Friday, February 05, 2010

Culture Vulture Post

Yes, I went to see the revival of a Pulitzer Prize winning play that got it's start right here in Chicago. Very literary, very deep, very dark ... and really very funny. Terry Letts' August: Osage County is touring and if you get a chance, go see it.

It's about a smart, gifted, Oklahoma-based family that is completely unraveling. Daddy, a published poet, disappears. Mommy, a powerful personality battling with cancer, needs the help of her daughters. Well, not all three of them. The only one she really wants is Barbara, who moved to Denver to start her own family. Ivy, the dutiful daughter who has stayed in Oklahoma to care for her parents, resents this (and her mother's constant carping about clothes and hair) but bears it all stoically. Karen, the baby of the family, is trying to start an independent life in Florida. But as soon as the family tragedy brings her through the front door, she reverts back to being the silly little girl the family expects her to be.

It's about mothers and daughters, daddies and daughters, depression, addiction, suicide, infidelity, and all the other things that make family gatherings memorable. Especially if your family is smart enough to spout dialog worthy of David Mamet or Tennessee Williams or Edward Albee.

I saw it with my friend Barb, my theater-going buddy, who kept saying all through our pre-theater dinner that there was no way she would be able to sit there for more than three hours. Barb and I have different tastes in plays to begin with, and this kind of sinister, talky drama is not generally what she enjoys. (I tease her that in her perfect world, every play we see would be River Dance or Mama Mia.) Yet once Act II kicked in, she didn't want to leave her seat -- not even to check her ubiquitous iPhone. There is no higher praise for a character-driven, non-musical production.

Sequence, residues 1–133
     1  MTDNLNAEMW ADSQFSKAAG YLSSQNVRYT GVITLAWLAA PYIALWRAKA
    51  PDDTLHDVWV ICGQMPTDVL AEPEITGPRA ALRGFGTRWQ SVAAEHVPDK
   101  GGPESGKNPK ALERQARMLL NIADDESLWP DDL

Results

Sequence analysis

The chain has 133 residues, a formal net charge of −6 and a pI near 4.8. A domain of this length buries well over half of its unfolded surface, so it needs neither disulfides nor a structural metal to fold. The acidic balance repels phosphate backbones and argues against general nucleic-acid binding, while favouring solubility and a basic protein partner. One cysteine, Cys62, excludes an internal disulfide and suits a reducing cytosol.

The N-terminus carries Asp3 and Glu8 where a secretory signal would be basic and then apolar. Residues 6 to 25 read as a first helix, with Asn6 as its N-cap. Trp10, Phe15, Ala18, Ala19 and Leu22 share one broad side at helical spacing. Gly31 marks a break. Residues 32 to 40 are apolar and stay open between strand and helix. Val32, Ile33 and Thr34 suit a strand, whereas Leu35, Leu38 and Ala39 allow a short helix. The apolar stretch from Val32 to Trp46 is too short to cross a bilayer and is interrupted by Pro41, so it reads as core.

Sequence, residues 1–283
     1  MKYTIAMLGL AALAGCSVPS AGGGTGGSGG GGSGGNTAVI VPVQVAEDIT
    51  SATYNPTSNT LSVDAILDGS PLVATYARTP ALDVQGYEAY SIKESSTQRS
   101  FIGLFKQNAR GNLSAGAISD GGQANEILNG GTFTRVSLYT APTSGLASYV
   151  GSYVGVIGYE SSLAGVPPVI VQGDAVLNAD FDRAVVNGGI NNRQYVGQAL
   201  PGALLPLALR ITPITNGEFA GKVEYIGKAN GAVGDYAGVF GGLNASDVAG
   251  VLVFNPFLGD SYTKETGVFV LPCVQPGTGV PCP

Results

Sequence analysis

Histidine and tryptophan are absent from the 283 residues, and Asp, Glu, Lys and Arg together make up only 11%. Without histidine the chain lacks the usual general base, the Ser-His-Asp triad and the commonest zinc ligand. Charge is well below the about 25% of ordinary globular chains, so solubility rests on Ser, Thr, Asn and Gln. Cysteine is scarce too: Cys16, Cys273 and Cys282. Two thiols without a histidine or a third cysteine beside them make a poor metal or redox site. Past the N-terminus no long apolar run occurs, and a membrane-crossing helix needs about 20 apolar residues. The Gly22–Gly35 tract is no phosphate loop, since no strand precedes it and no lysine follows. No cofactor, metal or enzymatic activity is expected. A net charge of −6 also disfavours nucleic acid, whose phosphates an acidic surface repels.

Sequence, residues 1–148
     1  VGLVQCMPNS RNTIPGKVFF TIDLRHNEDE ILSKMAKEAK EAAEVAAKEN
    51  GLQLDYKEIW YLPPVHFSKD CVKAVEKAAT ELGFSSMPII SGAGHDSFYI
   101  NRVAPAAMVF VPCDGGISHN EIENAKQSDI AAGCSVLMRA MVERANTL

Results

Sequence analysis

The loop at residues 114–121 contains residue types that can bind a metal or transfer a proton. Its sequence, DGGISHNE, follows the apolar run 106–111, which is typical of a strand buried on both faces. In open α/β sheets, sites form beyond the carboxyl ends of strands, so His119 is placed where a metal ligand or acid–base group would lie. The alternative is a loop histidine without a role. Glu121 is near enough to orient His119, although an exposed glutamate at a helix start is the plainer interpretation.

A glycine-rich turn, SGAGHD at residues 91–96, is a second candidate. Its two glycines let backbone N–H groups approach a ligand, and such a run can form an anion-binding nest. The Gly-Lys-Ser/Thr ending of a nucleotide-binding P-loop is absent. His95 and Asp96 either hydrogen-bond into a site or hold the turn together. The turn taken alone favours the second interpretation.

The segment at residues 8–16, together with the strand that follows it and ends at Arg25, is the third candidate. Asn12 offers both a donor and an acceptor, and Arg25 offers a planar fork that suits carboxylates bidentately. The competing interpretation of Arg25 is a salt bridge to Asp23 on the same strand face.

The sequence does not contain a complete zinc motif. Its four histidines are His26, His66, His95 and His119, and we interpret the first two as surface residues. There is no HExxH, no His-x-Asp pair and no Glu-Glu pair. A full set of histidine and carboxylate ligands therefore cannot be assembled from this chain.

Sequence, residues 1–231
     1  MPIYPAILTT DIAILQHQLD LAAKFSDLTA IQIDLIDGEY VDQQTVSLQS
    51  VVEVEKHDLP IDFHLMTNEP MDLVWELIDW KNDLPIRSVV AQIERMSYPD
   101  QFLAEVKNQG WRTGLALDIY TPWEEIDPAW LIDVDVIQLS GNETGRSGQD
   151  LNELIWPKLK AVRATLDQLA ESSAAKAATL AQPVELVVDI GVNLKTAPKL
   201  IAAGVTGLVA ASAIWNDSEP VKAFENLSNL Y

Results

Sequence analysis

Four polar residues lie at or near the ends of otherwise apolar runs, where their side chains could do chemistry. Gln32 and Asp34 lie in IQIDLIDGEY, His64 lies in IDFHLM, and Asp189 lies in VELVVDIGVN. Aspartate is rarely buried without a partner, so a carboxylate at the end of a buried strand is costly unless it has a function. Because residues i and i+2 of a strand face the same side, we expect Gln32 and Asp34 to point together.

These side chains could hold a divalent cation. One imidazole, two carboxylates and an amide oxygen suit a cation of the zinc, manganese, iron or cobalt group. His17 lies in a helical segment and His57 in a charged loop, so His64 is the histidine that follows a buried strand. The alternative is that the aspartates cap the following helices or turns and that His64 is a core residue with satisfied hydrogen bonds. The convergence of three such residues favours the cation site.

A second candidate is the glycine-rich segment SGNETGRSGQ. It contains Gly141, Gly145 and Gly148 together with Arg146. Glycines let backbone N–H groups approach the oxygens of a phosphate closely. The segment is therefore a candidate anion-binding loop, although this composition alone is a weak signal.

Special cast notes: One of the less savory characters in the play, Steve the Fiance, is played by Laurence Lau. Back in the day, he was Greg from Jenny-and-Greg on All My Children. He's older and carries an air of depravity that works for Osage County but would shock those who knew him in Pine Valley.

And Mama Violet was played by Estelle Parsons, just as annoying as she was in 1967 when she won an Oscar as Blanche Barrow in one of my favorite movies, Bonnie and Clyde. I had to restrain myself from celebrating her entrance by getting up and yelling, "My eyes, Daddy, MY EYES!"

I feel a little like Pepe le Pew

Or any of the Warner Bros. cartoon characters. Because this afternoon my heart has been beating so hard I swear you can see it thumping through my sweater.

I'm just wound up, nervous. No particular reason. Made all my deadlines, so there's no professional Sword of Damocles hanging over me. And I'll be able to get out of here soon and begin braving the snow storm. (I suspect it's more wind and storm than actual snow.)

I had hoped that working out over lunch would have helped, but it didn't.

Oh well, at least I have a lovely, low-key weekend ahead of me. And agitation is better than the blues!